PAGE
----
My situation was a little murkier. Since *I* was also an owner of the tree, I shared the risk if the tree fell and damaged her property even if she refused to help pay to remove it. In the end, we came to an agreement I was happy with, no lawyers involved, so it all worked out. Since the tree was completely dead, it was actually also in violation of a city ordinance, so that was my backup plan-- they could have compelled us to remove the tree.

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Old 10-20-2011, 07:08 AM   #11
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Etiquette Question: Asking Neighbors to Contribute to Tree Removal


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It was said originally that the power lines are close. Call the power co, they might take them down for FREE.

Problem solved
Good idea. I thought of that too and called the power company several months ago. They informed me that this was a "secondary" power line. I'm not entirely sure that I understand the logic, but the line doesn't run along a street. It runs down the property lines of the back yards of all the neighbors. The power company said they'd be glad to cut the power whenever I wanted to cut the trees, but they said the trees were my responsibility.
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Old 10-20-2011, 07:16 AM   #12
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Originally Posted by gatorheel View Post
I found this book and this PDF to be a useful when I was researching my issue. PA has one bit of case law specifically called out in the PDF.
Thanks for sharing those resources. After scanning the info, and after reading several of the posts here, I called the arborist and asked him to do the work as soon as possible.
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Old 10-20-2011, 07:40 AM   #13
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That said, I would get some more bids. My cost for all four was $550.
I should've been more clear on that number. There are actually 2 sets of boundary trees that I want to have removed. The $3K price-tag was a combination quote... $1.8K for the five huge pines that are my primary concern, and $1.2K for another set of a dozen scraggly cedars (ones that don't pose any danger to property).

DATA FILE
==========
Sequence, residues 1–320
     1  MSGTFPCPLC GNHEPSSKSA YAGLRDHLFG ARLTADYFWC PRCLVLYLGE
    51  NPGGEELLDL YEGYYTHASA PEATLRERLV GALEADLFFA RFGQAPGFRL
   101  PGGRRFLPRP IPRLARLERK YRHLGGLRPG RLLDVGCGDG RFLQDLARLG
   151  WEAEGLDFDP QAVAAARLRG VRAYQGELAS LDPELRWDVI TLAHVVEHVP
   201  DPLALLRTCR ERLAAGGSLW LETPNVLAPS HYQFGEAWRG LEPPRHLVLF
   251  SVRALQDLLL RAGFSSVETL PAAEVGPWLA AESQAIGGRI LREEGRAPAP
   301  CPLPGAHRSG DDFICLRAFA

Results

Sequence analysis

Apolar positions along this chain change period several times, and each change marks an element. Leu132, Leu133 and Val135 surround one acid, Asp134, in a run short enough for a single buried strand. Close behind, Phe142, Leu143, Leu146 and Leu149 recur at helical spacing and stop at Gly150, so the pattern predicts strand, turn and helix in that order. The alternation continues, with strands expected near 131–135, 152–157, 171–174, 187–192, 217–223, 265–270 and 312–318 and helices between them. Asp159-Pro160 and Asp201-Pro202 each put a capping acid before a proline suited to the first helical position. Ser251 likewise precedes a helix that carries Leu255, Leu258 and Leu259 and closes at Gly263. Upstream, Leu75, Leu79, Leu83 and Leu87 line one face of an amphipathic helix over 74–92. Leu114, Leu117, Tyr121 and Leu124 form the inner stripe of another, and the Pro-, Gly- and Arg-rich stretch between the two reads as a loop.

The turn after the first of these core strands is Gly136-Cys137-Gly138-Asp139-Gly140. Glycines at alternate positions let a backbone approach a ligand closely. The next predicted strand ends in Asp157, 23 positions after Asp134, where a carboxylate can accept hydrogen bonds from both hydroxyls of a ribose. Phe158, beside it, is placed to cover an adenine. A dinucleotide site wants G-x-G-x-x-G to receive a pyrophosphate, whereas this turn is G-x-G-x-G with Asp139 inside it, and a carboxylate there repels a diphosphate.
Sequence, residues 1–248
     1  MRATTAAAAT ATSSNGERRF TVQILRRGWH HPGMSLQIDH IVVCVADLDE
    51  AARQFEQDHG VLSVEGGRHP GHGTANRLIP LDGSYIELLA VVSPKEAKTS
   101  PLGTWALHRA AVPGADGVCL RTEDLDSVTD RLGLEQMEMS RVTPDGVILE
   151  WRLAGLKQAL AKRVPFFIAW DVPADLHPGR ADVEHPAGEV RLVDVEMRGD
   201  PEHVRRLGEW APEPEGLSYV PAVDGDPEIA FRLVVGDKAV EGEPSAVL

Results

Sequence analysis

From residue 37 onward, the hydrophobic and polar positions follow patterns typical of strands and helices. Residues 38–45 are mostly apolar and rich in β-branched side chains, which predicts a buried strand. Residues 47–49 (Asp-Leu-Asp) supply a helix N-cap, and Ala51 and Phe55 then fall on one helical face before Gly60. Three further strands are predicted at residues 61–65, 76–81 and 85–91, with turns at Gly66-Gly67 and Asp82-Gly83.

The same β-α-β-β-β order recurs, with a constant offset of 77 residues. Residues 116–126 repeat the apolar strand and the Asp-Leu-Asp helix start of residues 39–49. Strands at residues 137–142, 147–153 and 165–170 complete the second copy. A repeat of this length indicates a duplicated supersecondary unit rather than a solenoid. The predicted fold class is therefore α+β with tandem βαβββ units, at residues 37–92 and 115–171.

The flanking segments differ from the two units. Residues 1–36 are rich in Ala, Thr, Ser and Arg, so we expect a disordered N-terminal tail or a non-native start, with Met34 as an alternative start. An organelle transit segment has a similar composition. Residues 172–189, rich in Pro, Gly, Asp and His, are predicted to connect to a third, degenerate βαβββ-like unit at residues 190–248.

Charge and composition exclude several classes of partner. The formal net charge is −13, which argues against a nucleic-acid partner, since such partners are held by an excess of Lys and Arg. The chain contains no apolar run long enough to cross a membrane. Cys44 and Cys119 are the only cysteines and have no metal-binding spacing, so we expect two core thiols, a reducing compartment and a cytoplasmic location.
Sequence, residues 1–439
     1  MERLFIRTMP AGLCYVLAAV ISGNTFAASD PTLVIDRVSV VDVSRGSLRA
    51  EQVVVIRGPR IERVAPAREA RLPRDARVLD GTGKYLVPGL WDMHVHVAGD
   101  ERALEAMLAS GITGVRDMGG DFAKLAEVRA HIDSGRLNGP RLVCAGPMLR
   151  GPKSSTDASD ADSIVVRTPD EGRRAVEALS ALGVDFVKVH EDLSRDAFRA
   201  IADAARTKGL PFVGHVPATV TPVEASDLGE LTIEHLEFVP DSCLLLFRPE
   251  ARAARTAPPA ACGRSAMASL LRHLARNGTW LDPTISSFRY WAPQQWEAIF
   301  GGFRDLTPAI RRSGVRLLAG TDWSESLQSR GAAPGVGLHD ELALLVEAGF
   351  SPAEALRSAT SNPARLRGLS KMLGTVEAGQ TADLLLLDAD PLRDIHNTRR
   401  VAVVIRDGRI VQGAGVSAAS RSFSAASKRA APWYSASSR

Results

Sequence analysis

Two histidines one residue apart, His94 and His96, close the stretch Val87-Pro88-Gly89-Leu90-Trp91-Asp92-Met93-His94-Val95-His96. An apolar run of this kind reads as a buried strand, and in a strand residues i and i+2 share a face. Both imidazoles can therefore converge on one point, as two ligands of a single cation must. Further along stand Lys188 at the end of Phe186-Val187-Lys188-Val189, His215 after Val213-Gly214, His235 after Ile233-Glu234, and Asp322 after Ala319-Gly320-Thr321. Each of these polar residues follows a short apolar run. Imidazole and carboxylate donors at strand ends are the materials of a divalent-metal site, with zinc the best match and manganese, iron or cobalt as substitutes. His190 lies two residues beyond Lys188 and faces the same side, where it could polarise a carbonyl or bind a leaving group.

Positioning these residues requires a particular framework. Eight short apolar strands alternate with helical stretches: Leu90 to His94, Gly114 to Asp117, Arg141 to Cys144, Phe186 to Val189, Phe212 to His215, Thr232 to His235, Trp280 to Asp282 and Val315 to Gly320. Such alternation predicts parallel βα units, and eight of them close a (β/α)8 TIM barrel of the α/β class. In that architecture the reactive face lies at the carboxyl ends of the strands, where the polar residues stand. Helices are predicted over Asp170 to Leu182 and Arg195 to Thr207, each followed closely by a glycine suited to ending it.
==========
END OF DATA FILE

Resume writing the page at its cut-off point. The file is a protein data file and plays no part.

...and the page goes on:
The $1.8K quote includes $450 to get them on the ground and $1,350 to dispose of all the waste.

I'm completely fine with the numbers being quoted. The guy is an experienced arborist who is insured. My understanding is that insurance fees are one of an arborists biggest expense items.

After looking at the trees and realizing the sheer volume of wood they contain, I estimated that it'd take me several days to clean up the resulting mess if I just had him bring them down. I'd have to make about 10 trips to my area mulching center using my single-axle trailer to haul away the trunks (they're 24" to 30" in diameter). I'd also have to rent an industrial-sized wood chipper at rate of around $300/day.

"Murphy" would probably kick in and complicate matters... I'd get the 3 ton chipper stuck in my yard, or my trailer would lose a wheel, etc etc etc.

If this guy can get all the material out of my yard for $1,350 (plus the $450 to cut them down safely) he's welcome to it.

I guess all situations are different.
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Old 10-20-2011, 09:39 AM   #14
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Etiquette Question: Asking Neighbors to Contribute to Tree Removal


Most homeowners insurance policies are very clear on the issue of falling trees. If it's alive any damage is covered by the policy of the home where that the damage occurred. It's a tree is dead is the responsibility of the person whose property the tree is on and the insurance company may not cover the damage.
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Old 10-20-2011, 04:33 PM   #15
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Etiquette Question: Asking Neighbors to Contribute to Tree Removal


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Originally Posted by jlpeifer View Post
I should've been more clear on that number. There are actually 2 sets of boundary trees that I want to have removed. The $3K price-tag was a combination quote... $1.8K for the five huge pines that are my primary concern, and $1.2K for another set of a dozen scraggly cedars (ones that don't pose any danger to property).

The $1.8K quote includes $450 to get them on the ground and $1,350 to dispose of all the waste.

I'm completely fine with the numbers being quoted. The guy is an experienced arborist who is insured. My understanding is that insurance fees are one of an arborists biggest expense items.

After looking at the trees and realizing the sheer volume of wood they contain, I estimated that it'd take me several days to clean up the resulting mess if I just had him bring them down. I'd have to make about 10 trips to my area mulching center using my single-axle trailer to haul away the trunks (they're 24" to 30" in diameter). I'd also have to rent an industrial-sized wood chipper at rate of around $300/day.

"Murphy" would probably kick in and complicate matters... I'd get the 3 ton chipper stuck in my yard, or my trailer would lose a wheel, etc etc etc.

If this guy can get all the material out of my yard for $1,350 (plus the $450 to cut them down safely) he's welcome to it.

I guess all situations are different.
I was in the business for almost 20 years and it sounds like a good deal to me. The power company is probably screwing you but what can you do